Zoonotic infection with natural foci. It is characterized by intoxication, fever, damage to the lymph nodes. The causative agent of the disease is a small bacterium. When heated to 60 ± C, it dies after 5-10 minutes. Tularemia stick tanks - hares, rabbits, water rats, field voles. Epizootics periodically occur in natural foci.
The infection is transmitted to humans either directly in contact with animals (hunting), or through contaminated food and water, less often by aspiration (when processing cereals and feed products, threshing bread), blood-sucking insects (horsefly, tick, mosquito, etc.).
Symptoms and course:The incubation period from several hours to 3-7 days. There are bubonic, pulmonary and generalized (common throughout the body) forms. The disease begins acutely with a sudden rise in temperature to 38.5-40 ± C. There is a sharp headache, dizziness, pain in the muscles of the legs, back and lumbar region, loss of appetite. In severe cases, there may be vomiting, nosebleeds. Pronounced sweating, sleep disturbance in the form of insomnia, or vice versa drowsiness, are characteristic. Often there is euphoria and increased activity against a background of high temperature. Redness and swelling of the face and conjunctiva are noted in the first days of the disease. Later, point hemorrhages appear on the oral mucosa. The tongue is covered with a grayish coating. A characteristic sign is an increase in various lymph nodes, the sizes of which can be from a pea to a walnut.
From the side of the cardiovascular system, bradycardia and hypotension are noted. Blood leukocytosis with moderate neutrophilic shift. The liver, spleen does not increase in all cases. Abdominal pain is possible with a significant increase in mesenteric lymph nodes. The fever lasts from b to 30 days.
Bubonic form of tularemia. The causative agent penetrates the skin without leaving a trace, after 2-3 days of the disease, regional lymphadenitis develops. Buboes are not very painful and have clear contours of up to 5 cm in size. Subsequently, either the bubo softens (1-4 months), or it spontaneously opens with the release of thick creamy pus and the formation of a tularemia fistula. Axillary, inguinal and femoral lymph nodes are more often affected.
The ulcer-bubonic form is characterized by the presence of a primary lesion at the site of the entry gate of infection.
The eye-bubonic form develops when the pathogen enters the mucous membranes of the eyes. Typically, the appearance of follicular growths of yellow in size up to millet grain on the conjunctiva.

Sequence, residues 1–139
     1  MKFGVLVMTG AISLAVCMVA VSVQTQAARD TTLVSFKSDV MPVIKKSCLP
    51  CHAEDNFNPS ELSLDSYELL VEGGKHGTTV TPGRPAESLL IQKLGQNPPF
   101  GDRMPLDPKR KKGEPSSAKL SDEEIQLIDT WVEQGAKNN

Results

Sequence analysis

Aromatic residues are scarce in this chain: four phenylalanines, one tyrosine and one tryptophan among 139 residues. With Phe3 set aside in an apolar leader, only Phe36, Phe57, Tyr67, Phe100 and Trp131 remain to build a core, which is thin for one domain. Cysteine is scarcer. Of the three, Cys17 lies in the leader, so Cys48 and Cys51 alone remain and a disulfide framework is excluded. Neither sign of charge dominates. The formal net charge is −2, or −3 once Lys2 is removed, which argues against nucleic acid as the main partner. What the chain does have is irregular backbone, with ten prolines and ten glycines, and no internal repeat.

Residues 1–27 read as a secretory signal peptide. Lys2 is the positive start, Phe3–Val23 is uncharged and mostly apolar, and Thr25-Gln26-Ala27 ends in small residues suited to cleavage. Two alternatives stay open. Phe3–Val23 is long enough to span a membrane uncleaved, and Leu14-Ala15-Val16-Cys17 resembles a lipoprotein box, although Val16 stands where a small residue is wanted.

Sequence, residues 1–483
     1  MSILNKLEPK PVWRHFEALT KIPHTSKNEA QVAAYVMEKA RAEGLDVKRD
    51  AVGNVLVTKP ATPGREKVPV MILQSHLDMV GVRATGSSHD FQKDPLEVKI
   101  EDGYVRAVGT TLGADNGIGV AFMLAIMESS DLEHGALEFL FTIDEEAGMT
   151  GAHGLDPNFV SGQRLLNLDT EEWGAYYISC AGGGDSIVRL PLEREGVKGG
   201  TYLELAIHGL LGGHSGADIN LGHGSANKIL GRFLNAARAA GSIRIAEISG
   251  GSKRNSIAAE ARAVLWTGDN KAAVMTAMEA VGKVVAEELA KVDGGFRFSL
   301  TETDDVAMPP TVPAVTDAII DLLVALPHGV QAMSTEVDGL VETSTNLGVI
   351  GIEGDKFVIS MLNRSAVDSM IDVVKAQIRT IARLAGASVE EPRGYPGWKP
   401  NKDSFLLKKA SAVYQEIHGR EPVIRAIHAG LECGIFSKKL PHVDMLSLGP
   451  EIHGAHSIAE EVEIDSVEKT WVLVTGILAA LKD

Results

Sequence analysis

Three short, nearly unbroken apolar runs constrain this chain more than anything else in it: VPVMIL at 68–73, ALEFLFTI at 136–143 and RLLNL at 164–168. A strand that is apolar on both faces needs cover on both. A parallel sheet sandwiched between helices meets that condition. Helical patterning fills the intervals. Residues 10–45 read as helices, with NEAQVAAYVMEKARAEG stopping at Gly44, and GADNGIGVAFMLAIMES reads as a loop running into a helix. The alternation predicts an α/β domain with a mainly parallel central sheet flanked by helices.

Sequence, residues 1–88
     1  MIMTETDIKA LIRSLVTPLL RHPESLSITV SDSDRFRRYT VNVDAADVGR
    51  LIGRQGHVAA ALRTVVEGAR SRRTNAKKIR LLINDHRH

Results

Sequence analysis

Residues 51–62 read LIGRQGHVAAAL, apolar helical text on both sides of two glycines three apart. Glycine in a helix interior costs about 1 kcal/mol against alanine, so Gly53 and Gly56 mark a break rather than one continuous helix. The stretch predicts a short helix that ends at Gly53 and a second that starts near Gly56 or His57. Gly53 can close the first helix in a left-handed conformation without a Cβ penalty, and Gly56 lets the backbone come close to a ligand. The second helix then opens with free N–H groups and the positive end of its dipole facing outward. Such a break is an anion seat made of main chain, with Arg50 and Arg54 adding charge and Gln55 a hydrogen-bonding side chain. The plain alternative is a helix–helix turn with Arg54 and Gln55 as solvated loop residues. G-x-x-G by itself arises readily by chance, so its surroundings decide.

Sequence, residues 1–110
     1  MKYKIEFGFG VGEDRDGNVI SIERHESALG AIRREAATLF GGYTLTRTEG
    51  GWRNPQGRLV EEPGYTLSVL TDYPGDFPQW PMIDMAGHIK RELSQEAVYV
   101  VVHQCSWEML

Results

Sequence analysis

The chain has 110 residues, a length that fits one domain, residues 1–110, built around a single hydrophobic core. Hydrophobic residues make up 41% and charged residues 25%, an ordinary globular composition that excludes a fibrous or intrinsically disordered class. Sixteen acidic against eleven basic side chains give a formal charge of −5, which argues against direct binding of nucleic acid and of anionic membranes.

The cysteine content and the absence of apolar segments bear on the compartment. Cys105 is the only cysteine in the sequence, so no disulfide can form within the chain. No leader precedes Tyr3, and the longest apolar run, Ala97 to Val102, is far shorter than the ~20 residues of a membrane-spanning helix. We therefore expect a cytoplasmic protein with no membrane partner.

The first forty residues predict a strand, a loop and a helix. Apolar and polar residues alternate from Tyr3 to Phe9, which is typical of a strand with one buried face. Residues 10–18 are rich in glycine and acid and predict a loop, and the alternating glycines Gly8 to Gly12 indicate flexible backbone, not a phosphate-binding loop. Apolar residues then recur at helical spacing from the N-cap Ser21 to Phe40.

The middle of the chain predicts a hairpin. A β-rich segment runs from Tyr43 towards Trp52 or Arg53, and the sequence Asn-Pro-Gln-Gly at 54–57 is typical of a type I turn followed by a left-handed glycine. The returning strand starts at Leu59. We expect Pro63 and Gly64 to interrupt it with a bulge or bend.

Bubo develops in the parotid or submandibular areas, the course of the disease is long.
The angina-bubonic form occurs with a primary lesion of the mucous membrane of the tonsils, usually one. It occurs with the foodborne infection.
There are forms of tularemia with a primary lesion of the internal organs. Pulmonary form - more often recorded in the autumn-winter period. The generalized form proceeds as a general infection with severe toxicosis, loss of consciousness, delirium, severe head and muscle pain.
Complications can be specific (secondary tularemia pneumonia, peritonitis, pericarditis, meningoencephalitis), as well as abscesses, gangrene, caused by secondary bacterial flora.
Diagnosis is based on a skin allergy test and serological reactions.
Treatment:Hospitalization of the patient. The leading place is given to antibacterial drugs (tetracycline, aminoglycosides, streptomycin, chloramphenicol), treatment is carried out up to 5 days of normal temperature. With prolonged forms, combined antibiotic treatment with a vaccine is used, which is administered intracutaneously, intramuscularly at a dose of 1-15 million microbial bodies per injection at intervals of 3-5 days, the course of treatment is 6-10 sessions. Vitamin therapy, repeated transfusion of donated blood is recommended. With the appearance of fluctuations of the bubo - surgical intervention (wide incision to empty the bubo). Patients are discharged from the hospital after a complete clinical recovery.
Prevention:Elimination of natural foci or reduction of their territories. Protection of dwellings, wells, open reservoirs, products from mouse-like rodents. Conducting mass routine vaccination in the foci of tularemia.